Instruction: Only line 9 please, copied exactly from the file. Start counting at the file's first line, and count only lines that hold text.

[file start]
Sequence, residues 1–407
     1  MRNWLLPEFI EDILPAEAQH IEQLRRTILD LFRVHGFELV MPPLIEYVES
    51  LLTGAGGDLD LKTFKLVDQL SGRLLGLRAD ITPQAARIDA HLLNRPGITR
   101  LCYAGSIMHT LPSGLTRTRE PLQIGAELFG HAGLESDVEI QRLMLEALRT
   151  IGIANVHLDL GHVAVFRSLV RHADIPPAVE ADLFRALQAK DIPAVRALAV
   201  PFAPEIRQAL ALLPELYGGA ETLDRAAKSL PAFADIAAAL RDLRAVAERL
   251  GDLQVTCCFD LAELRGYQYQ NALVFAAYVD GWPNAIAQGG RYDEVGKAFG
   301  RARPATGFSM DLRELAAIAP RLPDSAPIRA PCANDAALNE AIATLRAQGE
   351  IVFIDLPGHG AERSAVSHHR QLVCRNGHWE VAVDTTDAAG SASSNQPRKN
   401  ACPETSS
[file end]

   351  IVFIDLPGHG AERSAVSHHR QLVCRNGHWE VAVDTTDAAG SASSNQPRKN